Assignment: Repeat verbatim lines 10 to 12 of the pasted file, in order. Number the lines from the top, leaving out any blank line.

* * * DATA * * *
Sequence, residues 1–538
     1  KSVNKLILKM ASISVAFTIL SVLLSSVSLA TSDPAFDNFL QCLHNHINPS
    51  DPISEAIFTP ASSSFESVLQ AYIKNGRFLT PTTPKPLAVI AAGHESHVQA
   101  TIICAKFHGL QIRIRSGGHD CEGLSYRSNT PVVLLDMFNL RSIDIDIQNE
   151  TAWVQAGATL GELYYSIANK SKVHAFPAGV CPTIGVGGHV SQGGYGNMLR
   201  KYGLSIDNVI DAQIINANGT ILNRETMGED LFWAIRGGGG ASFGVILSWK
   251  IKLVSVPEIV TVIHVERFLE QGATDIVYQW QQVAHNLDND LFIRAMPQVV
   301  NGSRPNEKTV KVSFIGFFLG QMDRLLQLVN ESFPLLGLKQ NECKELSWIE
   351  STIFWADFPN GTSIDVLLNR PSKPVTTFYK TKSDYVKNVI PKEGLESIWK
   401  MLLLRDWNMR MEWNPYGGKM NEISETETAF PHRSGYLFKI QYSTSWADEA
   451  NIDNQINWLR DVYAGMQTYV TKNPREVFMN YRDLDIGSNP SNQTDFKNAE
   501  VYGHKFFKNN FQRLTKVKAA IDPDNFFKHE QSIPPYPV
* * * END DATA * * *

   401  MLLLRDWNMR MEWNPYGGKM NEISETETAF PHRSGYLFKI QYSTSWADEA
   451  NIDNQINWLR DVYAGMQTYV TKNPREVFMN YRDLDIGSNP SNQTDFKNAE
   501  VYGHKFFKNN FQRLTKVKAA IDPDNFFKHE QSIPPYPV